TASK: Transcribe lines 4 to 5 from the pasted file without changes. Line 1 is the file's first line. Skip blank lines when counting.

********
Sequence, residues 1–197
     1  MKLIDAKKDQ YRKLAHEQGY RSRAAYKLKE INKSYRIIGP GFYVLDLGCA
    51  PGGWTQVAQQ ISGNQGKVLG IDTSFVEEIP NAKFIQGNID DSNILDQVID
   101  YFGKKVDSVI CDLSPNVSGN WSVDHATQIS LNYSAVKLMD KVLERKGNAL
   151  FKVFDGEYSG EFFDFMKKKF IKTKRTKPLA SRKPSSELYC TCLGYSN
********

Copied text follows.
   101  YFGKKVDSVI CDLSPNVSGN WSVDHATQIS LNYSAVKLMD KVLERKGNAL
   151  FKVFDGEYSG EFFDFMKKKF IKTKRTKPLA SRKPSSELYC TCLGYSN